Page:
Five-story development approved near Newark Ave, Jersey City

303 First Street, Jersey City. Image via Google Maps/Street View.

A developer with a controversial history has been given the green light to construct a new building on multiple lots in downtown Jersey City, just steps from the Newark Avenue shopping corridor.

At their August 9 meeting, the Jersey City Planning Board approved an application by Village Townhouse Estates to develop four properties they own at 303-311 First Street. Owned by local developer Peter Mocco and totaling just over 7,000 square feet, the current surface car park extends to the corner of Coles Street.

Jersey Digs first announced plans to develop the property last summer, although the final version has been slightly edited. Drafted by Alabama-based firm Christian Rogers Architect, the Approved Edition will consist of smaller residences that break down into 20 studios and 23 bedrooms.

Rendering of the project. Image courtesy of Christian Rogers Architect.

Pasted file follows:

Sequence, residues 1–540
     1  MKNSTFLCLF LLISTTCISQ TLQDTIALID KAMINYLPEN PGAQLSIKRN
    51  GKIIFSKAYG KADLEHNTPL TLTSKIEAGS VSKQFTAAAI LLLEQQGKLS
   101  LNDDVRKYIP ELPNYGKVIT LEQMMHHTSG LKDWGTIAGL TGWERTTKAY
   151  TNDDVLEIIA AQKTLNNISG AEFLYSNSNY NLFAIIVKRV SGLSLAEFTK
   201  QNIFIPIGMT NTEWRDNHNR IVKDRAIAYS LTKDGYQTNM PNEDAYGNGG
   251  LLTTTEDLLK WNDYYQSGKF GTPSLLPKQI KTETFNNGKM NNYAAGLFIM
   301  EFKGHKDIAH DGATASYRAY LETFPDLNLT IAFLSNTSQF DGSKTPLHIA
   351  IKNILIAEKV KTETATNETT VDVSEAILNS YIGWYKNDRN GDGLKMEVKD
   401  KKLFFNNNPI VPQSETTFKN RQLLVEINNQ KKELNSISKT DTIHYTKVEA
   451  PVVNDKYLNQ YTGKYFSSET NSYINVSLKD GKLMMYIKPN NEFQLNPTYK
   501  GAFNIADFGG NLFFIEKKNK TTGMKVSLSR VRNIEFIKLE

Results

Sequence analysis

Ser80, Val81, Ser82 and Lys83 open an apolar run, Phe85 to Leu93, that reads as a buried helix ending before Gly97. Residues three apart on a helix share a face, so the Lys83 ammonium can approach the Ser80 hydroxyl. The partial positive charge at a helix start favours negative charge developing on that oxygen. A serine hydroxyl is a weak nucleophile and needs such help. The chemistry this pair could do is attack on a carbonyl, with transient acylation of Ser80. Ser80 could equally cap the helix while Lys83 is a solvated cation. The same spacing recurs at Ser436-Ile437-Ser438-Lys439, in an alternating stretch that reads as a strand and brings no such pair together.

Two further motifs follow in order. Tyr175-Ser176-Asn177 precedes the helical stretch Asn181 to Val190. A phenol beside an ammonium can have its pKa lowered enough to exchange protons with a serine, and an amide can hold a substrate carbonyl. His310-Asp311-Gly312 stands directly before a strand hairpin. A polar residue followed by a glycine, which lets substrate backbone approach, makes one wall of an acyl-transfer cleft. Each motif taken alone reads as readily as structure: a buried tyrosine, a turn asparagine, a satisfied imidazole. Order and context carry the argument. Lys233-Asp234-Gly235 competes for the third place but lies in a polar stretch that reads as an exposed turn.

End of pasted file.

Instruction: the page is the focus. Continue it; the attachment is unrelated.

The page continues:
No affordable housing is included in the proposed project, which will include 11 off-street parking spaces in the basement of the building as well as 20 bicycle storage spaces. An underground rainwater retention vault is incorporated into the plans, as is a 720 square foot communal rooftop terrace for future residents.

The exterior of the building will be ivory brick on the first floor, with an entrance canopy sporting a dark metallic material. The upper floors of the building will be made of reconstituted stone, with a cornice delimiting the top floor.

Peter Mocco, who developed much of the Liberty Harbor neighborhood, has had trouble with the city in recent years. His company’s 245 Newark Avenue project deviated from site plans in 2018 by rising higher than allowed approved plans while using facade materials that are not permitted by city code.

Mocco found himself in a similar situation the following year when his project at 333 Grand Street was built with unapproved additional flooring and again used an insulation and exterior finish system prohibited by regulation.

His businesses have been fined $582,000 by the city for the violations, although Mocco’s newest development, the 32-story 88 Regent Street, has so far created no issues as the rental began.

The Jersey City Planning Board granted the 303 First Street project a single waiver related to setbacks from the building’s rear yard. Village Townhouse Estates has not announced a construction schedule for its latest development.